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method

Since we have three interrelated parameters (scale, micropatch size, and micropatch origin), and a way of measuring the quality of the parameter choices without solving for a model, we can perform a global search in order to find the optimal choices for these parameters. Since these parameters are interdependent, the preferred method is to cycle through possible values for a single parameter, and then for each of the possible values generate all possible combinations of the other two parameters given the first. The most intuitive starting point appears to be micropatch size.

For each possible combination of micropatch size, micropatch grid origin, and scale, we count the number of fitting equations in each micropatch. A valid fitting equation is where all points of the filter fall on known data. Once this is done, we will have a 3N+1 dimensional hypercube, where we have N dimensions of freedom in choosing micropatch size and micropatch grid origin. Since the scaling of the data must be isotropic in order to preserve the aspect ratio of the PEF, varying scale only adds one dimension of freedom. Finally, since we are measuring the spatial variance of fitting equations, another N dimensions are added to the hypercube.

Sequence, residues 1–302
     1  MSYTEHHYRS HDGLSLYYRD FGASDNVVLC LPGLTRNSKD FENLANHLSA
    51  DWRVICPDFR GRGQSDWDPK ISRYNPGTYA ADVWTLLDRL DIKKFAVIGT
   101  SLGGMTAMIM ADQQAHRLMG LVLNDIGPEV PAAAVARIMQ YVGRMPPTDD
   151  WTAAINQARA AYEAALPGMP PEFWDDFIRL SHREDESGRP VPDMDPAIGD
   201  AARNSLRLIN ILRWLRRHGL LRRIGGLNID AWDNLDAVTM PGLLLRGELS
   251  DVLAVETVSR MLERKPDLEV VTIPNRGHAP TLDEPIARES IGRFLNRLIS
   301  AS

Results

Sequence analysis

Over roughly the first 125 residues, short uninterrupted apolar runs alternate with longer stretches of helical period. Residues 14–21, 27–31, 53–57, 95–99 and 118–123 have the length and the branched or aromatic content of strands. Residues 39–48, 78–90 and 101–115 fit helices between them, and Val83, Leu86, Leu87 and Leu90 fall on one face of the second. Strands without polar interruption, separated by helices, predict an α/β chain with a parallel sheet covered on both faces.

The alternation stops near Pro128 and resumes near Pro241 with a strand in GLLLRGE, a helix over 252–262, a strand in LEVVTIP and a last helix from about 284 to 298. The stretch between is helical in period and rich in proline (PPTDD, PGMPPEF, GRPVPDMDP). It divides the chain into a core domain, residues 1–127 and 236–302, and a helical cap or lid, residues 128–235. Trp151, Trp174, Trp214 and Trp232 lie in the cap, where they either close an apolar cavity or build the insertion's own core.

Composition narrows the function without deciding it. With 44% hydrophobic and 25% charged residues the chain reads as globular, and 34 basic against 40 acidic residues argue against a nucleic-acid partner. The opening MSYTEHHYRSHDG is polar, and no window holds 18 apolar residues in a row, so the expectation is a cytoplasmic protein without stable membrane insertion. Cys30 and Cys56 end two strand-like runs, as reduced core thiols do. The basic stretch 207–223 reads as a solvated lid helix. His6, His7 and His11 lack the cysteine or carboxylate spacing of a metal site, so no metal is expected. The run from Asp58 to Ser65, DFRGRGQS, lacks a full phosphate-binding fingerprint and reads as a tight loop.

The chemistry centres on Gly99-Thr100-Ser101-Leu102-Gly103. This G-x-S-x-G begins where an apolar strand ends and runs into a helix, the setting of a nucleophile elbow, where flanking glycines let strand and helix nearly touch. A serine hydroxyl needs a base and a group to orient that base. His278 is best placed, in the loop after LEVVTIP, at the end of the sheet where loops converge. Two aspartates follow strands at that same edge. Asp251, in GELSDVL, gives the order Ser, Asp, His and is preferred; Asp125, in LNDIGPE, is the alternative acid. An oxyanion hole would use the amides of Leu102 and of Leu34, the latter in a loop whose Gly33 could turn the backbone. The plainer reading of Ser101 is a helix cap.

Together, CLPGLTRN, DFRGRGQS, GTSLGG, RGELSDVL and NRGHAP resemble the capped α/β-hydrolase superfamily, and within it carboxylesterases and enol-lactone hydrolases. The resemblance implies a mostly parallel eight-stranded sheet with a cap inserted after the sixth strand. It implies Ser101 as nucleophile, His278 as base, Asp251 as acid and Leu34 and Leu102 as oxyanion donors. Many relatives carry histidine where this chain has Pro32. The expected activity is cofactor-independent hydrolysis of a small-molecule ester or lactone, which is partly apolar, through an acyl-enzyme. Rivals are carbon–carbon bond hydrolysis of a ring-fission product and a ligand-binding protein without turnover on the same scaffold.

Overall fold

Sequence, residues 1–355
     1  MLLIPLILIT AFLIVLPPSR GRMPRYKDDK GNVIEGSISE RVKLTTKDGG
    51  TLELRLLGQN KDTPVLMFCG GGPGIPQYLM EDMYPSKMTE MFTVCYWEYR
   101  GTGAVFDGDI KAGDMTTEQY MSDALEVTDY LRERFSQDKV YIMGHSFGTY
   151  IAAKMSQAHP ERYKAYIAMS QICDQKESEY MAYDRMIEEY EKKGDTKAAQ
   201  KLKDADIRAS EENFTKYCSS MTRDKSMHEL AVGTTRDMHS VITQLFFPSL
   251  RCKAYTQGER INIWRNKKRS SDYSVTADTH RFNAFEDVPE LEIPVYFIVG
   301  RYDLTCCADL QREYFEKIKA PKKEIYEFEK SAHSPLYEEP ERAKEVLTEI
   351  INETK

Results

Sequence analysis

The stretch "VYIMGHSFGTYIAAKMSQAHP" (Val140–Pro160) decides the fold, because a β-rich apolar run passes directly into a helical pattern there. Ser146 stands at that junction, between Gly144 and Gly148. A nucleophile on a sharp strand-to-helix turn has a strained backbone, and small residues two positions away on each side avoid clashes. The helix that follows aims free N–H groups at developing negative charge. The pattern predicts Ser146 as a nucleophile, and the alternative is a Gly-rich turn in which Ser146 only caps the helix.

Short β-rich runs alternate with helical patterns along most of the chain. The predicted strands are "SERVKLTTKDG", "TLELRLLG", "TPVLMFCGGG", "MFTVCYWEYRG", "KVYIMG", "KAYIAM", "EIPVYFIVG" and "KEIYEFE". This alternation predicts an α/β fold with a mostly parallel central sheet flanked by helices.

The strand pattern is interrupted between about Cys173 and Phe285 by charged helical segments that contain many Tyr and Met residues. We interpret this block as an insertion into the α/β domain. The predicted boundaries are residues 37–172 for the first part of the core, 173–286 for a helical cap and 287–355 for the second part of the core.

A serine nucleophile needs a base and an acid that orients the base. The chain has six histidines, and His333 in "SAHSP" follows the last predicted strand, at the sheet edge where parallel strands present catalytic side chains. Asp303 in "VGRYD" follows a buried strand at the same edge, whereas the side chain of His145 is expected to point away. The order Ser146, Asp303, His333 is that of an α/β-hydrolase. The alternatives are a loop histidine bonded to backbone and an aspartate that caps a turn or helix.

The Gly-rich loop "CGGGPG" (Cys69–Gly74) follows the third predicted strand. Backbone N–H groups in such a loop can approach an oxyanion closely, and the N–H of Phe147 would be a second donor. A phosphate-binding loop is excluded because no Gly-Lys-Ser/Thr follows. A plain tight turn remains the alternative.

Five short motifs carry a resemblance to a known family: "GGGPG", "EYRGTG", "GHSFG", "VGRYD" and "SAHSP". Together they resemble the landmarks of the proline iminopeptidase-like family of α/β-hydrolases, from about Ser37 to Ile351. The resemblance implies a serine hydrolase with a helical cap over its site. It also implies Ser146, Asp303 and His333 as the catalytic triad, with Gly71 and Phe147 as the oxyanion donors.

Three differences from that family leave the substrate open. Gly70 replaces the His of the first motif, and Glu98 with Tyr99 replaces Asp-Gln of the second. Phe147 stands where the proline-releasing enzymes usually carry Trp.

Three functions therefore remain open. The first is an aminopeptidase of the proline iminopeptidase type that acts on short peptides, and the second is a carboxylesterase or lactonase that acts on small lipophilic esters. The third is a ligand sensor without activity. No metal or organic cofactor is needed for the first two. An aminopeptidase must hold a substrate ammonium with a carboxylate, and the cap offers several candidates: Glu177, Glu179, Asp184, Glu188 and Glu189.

Naturally, we don't want to deal with a 3N+1 dimensional space, so we can integrate over certain dimensions, and use the helical coordinate when dealing with others. We can choose the scales with the greatest number of fitting equations (since the cost of the inversion rises by O(N) with the number of scales used) and integrate the total. We can then integrate spatially over micropatches with a weighting function that rewards a wide spatial distribution of fitting equations. Finally, we wrap micropatch size and micropatch grid origin around a helix, so the dimensionality of the problem reduces from 3N+1 to 2. However, the derivation of a weighting function for the spatial integration is still an open problem.


next up previous print clean
Next: results Up: Curry: Parameter optimization for Previous: Size of the parameter
Stanford Exploration Project
7/8/2003